Peptide misfolding and aberrant assembly in membranous micro-environments have been associated with numerous neurodegenerative diseases. The biomolecular mechanisms and biophysical implications of these amyloid membrane interactions have been under extensive research and can assist in understanding disease pathogenesis and potential development of rational therapeutics. But, the complex nature and diversity of biomolecular interactions, structural transitions, and dependence on local environmental conditions have made accurate microscopic characterization challenging. In this review, using cases of Alzheimer's disease (amyloid-beta peptide), Parkinson's disease (alpha-synuclein peptide) and Huntington's disease (huntingtin protein), we illustrate existing challenges in experimental investigations and summarize recent relevant numerical simulation studies into amyloidogenic peptide–membrane interactions. In addition we project directions for future in silico studies and discuss shortcomings of current computational approaches.
The Molecular Basis for Life in Extreme Environments
Sampling and genomic efforts over the past decade have revealed an enormous quantity and diversity of life in Earth's extreme environments. This new knowledge of life on Earth poses the challenge of understandingits molecular basis in such inhospitable conditions, given that such conditions lead to loss of structure and of function in biomolecules from mesophiles. In this review, we discuss the physicochemical properties of extreme environments. We present the state of recent progress in extreme environmental genomics. We then present an overview of our current understanding of the biomolecular adaptation to extreme conditions. As our current and future understanding of biomolecular structure–function relationships in extremophiles requires methodologies adapted to extremes of pressure, temperature, and chemical composition, advances in instrumentation for probing biophysical properties under extreme conditions are presented. Finally, we briefly discuss possible future directions in extreme biophysics.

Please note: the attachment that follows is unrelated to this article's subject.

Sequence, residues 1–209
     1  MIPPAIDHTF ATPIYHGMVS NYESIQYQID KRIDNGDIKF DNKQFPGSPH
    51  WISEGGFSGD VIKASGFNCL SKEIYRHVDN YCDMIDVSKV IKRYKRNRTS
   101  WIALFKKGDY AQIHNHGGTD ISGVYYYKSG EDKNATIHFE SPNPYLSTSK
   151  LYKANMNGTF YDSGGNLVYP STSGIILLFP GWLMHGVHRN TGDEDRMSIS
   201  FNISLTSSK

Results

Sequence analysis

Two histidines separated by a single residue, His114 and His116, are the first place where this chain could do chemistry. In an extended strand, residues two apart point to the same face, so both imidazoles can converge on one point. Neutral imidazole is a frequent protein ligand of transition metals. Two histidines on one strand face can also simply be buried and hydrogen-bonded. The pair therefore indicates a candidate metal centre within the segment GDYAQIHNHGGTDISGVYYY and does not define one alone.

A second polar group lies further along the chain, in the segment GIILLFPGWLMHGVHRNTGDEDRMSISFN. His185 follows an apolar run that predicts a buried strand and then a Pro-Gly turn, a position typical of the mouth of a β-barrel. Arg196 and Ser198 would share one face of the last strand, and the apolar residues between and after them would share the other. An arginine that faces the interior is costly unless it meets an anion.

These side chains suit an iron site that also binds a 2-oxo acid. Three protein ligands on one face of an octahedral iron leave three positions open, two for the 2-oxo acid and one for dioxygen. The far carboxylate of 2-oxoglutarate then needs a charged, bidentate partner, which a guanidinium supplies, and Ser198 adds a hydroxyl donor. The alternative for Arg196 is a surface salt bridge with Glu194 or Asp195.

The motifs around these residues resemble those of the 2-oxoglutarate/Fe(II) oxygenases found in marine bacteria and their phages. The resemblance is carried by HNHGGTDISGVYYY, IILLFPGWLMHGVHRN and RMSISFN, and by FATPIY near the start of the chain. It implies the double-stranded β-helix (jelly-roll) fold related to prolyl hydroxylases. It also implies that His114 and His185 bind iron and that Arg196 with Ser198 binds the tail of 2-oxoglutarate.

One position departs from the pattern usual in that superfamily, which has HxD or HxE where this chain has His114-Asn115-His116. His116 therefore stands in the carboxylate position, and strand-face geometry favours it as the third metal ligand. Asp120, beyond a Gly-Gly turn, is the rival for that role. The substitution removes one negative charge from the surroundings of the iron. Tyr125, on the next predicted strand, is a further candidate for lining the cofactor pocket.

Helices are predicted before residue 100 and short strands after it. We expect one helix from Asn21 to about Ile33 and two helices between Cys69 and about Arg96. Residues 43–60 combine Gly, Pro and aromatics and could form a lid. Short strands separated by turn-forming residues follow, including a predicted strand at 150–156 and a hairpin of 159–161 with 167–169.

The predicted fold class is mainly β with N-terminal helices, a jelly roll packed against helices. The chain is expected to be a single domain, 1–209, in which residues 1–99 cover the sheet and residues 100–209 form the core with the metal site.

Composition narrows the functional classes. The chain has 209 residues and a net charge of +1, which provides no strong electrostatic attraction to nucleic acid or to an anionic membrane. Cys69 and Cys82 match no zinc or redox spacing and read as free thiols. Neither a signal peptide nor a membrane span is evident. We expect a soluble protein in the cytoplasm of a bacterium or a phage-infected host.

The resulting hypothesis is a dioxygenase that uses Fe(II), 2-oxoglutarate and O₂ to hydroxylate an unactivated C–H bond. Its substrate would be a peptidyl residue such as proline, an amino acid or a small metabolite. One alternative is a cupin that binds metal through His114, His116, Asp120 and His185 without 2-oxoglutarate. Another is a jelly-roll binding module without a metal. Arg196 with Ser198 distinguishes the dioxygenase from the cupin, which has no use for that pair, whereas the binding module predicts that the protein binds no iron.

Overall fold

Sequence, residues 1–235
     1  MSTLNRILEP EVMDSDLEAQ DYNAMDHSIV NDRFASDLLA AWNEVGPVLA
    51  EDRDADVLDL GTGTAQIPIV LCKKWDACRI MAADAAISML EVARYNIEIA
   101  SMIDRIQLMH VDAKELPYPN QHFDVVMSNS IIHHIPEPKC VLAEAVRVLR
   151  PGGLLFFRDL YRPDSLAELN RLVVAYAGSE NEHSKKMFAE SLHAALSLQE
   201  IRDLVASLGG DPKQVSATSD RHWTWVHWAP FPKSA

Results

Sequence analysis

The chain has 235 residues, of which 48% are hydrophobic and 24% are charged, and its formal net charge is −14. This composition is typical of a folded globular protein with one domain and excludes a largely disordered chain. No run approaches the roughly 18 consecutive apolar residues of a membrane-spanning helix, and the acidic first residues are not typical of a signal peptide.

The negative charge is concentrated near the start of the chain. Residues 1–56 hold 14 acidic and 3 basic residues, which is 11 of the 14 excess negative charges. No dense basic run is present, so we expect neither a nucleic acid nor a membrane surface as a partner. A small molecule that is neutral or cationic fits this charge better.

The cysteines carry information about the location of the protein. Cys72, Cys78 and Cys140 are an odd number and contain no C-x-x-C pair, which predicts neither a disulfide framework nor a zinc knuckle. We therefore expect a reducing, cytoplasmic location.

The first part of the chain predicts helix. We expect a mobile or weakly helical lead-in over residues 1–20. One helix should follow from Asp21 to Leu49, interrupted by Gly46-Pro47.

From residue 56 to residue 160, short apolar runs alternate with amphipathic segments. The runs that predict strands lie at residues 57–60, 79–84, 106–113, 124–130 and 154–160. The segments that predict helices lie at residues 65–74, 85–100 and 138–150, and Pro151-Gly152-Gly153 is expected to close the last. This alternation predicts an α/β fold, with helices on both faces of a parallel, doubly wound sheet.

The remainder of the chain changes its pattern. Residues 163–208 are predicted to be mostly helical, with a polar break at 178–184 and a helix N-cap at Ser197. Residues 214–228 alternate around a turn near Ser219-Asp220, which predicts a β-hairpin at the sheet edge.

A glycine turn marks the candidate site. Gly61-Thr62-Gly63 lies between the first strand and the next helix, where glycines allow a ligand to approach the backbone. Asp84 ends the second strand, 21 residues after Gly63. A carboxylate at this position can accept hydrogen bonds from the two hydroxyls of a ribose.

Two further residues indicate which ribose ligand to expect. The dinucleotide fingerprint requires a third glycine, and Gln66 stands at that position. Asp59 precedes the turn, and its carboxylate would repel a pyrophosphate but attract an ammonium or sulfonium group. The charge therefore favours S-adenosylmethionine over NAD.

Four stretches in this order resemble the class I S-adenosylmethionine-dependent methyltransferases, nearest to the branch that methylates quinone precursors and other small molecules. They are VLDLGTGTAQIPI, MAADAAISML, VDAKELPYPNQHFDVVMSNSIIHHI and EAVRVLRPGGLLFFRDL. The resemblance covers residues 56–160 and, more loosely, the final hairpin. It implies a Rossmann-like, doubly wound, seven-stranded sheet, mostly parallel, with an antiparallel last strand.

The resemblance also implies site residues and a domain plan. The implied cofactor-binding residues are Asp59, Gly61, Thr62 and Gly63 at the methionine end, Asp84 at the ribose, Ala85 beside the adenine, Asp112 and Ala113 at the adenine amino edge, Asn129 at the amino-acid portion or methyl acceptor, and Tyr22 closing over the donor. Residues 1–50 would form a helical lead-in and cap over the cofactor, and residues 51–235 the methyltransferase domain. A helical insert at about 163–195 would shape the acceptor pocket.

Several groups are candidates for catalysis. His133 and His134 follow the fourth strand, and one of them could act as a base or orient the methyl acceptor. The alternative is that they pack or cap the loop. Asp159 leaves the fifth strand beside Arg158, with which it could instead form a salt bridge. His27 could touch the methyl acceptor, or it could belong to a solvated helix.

- Award ID(s):
- Publication Date:
- NSF-PAR ID:
- Journal Name:
- Annual Review of Biophysics
- Page Range or eLocation-ID:
- 343 to 372
- Sponsoring Org:
- National Science Foundation
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